Speaking Up We were getting ready to move from Baltimore to Louisville and had just listed our house. I was chatting with my neighbor, an elderly lady, whom I loved dearly, and she did the ole look around to make sure no one was listening and said, “I just hope you don’t sell it to a black family.” I guess you never know when someone might be lurking in the bushes ready to jump out at comments like that. I quickly smiled at her and first informed her that there was no need to whisper the word black. They are fully aware of the color of their skin. I then asked her, “Would you rather I sell it to a white family who ends up not taking care of the property and whose teenage kids run around at all hours making you nervous of their intentions? Or a nice middle class black family who keeps up the yard and cares about the impact they are having on the neighborhood in which they have chosen to raise their family?” She nodded in understanding. I had made my point. Had I changed her opinion? Probably not, but she knew where I stood and maybe took a moment to consider what I had said. Tolerance is tough. People’s views are shaped by how they were raised, their exposure to and experiences with specific groups and by their outlook on life in general. You will have instances where family members share their intolerant views with your kids. While it is easier to simply ignore them at the time and talk to your children later about what you find acceptable, you can use these times to show your children that not only is it OK to speak up, but by doing so they are pushing for a more fair-minded world. I try to keep my response to offensive comments non-accusatory. “That’s a stupid comment,” isn’t going to make the other party, who may have suffered an injustice — real or perceived — listen to your opinion. I prefer to say something like, “I don’t




think it’s just the Jews, Blacks, Elderly, One-Legged Jugglers — insert your own choice — who are capable of doing that.” This approach also works with people you’ve just met, who might be testing the water to see where you stand in your views regarding a specific group of people. My children, especially as they are growing older, will often come to me after they have heard something from an adult friend or family member with, “Wasn’t that stupid?” It is good that they recognize that whatever transpired was unacceptable, but I am quick to let them know it is not stupidity, it is narrow-mindedness that is the result of a lifetime of experience. They need not judge but keep an open mind when they are confronted by opinions that are based on misunderstanding. Returning negativity with negativity will only keep the ball rolling. We are here to stop these prejudices from moving forward and that can only work if we do not give them the fuel they need to continue burning. — BARB HARTMAN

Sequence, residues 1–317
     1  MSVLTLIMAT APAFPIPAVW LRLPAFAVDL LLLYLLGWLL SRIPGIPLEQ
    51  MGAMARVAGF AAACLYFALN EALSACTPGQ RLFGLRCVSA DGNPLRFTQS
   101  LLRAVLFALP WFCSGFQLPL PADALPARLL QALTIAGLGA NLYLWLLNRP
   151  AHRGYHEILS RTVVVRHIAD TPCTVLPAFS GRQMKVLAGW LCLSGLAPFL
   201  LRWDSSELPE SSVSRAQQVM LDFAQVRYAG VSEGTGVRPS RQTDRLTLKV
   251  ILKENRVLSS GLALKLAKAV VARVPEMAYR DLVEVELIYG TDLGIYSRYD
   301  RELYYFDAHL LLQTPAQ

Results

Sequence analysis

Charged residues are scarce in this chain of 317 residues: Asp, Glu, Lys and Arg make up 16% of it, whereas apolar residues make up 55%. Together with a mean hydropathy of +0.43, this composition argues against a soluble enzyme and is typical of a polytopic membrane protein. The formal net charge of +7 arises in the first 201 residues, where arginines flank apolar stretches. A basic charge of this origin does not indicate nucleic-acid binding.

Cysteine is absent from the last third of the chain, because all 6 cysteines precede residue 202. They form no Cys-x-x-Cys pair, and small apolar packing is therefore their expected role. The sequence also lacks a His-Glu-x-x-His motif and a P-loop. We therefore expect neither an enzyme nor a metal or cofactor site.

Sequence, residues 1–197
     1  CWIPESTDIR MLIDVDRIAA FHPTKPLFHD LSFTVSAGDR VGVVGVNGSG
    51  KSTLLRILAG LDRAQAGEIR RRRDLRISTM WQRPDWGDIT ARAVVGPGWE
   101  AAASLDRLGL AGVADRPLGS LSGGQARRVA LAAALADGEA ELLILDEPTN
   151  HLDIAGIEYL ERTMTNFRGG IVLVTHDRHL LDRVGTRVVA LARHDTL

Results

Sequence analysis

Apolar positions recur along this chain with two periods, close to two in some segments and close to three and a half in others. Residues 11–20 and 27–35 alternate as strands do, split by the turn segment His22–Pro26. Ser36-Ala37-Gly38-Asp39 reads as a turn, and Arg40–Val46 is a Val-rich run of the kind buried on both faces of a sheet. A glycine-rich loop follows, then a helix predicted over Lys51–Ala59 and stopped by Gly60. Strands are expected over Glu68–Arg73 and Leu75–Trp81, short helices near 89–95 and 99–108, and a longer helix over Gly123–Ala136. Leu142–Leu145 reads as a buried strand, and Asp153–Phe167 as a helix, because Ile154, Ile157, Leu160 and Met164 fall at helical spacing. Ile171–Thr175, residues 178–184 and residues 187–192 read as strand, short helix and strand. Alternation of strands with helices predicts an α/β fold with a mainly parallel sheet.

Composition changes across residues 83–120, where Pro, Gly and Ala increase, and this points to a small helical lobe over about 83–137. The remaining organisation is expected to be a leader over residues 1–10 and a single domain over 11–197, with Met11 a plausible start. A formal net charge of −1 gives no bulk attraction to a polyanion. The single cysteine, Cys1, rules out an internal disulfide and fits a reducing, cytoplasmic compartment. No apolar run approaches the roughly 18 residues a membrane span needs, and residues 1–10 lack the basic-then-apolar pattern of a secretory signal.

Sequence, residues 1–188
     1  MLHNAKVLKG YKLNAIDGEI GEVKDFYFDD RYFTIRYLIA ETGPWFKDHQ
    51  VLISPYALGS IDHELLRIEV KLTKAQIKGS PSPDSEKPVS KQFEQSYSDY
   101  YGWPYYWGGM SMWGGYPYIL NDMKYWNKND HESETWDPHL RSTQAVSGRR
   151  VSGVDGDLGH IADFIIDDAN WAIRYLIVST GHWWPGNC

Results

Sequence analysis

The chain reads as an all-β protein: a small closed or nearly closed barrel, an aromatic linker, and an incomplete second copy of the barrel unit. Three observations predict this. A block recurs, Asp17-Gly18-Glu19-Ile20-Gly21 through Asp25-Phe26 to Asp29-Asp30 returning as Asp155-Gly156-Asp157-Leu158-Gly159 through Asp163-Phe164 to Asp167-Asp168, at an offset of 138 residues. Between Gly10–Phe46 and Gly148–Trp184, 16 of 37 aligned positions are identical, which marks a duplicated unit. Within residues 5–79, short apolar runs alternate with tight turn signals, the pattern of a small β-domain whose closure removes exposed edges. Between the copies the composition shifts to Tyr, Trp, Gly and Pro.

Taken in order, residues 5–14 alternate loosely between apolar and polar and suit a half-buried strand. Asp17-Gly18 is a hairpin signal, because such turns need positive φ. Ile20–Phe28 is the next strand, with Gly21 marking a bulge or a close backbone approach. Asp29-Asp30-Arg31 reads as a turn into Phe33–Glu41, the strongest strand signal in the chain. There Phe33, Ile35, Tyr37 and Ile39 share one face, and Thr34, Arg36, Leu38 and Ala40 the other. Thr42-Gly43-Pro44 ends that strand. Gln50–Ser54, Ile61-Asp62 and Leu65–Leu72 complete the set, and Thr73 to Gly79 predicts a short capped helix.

Laura Jansson and Bethany Deanne Byrd and Robert

Craig Duncan and son Cristopher Duncan Kalyn Reed and MacKenzie Conner

today’s FAMILY

December 2012/January 2013


Beautifying Your Gifts A ribbon on the side so you can stack your gifts on top of each other under the tree.

Consider wrapping two packages for the same person in a way that coordinates. Amy says this is a great paper for a man.

This is what Amy calls quirky wrapping. Taking ordinary paper and adding a holiday adornment for a more holiday look.


resentation makes your thoughtful gift all the more appreciated. The anticipation of opening a beautifully wrapped package adds to the value. Amy Holley, owner of Holleywrap gifting service, demonstrates inspiring wrapping ideas. Go to for her gift ideas.

Try wrapping your gift card. You can also add some live greenery to a package. These also hang from the tree. 24

December 2012/January 2013

Ever thought about wrapping an invitation? Here is a very posh and elegant way of wrapping a holiday invitation. Amy did these for a party an artist was throwing. She not only hand-wrapped the invitations, but also delivered them in person. 4 4 @todaysfamilynow 4 4 4 4 4 4 /todaysfamily 4

25 Things

to Do With Your Kids Before They’re Grown By Lara Krupicka

Let’s face it, our years with children under our roofs slip past us when we’re not paying attention. Suddenly we find ourselves with preschoolers, then grade-schoolers, and pretty soon teens. We do our best to make the most of these years, but sometimes it helps to know we aren’t missing out on our children’s childhood by engaging it full on.

With that in mind, here are 25 activities to get in before taking them to college:

1 Sleep out under the stars. Pitch a tent or just drag blankets and sleeping bags out on your yard or balcony.

2 Visit a lighthouse. Take a picture while you’re there. 3 Pick apples, blueberries, or another fruit. Enjoy eating produce right from the source. 4 Have a Silly String fight – just because. Launch a sneak attack, but leave an arsenal in plain sight for them to retaliate. Then take what you’ve dished out.

5 Take them to meet a favorite author or sports star. 6 Drive around at night looking at holiday light displays. To make it extra enchanting, put the kids to bed first then take them out in their pa jamas and give them hot cocoa for the ride.

7 Swim in the ocean. Or at least wade in up to your knees and feel the rocking motion of the waves. 8 Carve a pumpkin. Encourage your kids to grab out the seeds with their fingers and get up to their elbows scooping out the gooey flesh.

9 Build a sand castle. Or create a sand sculpture — turtles and snakes are easy. 10 Serve in a soup kitchen or homeless shelter. 11 Eat ice cream sundaes for dinner. Include fresh fruit like strawberries and bananas among the toppings to make it “more healthy.”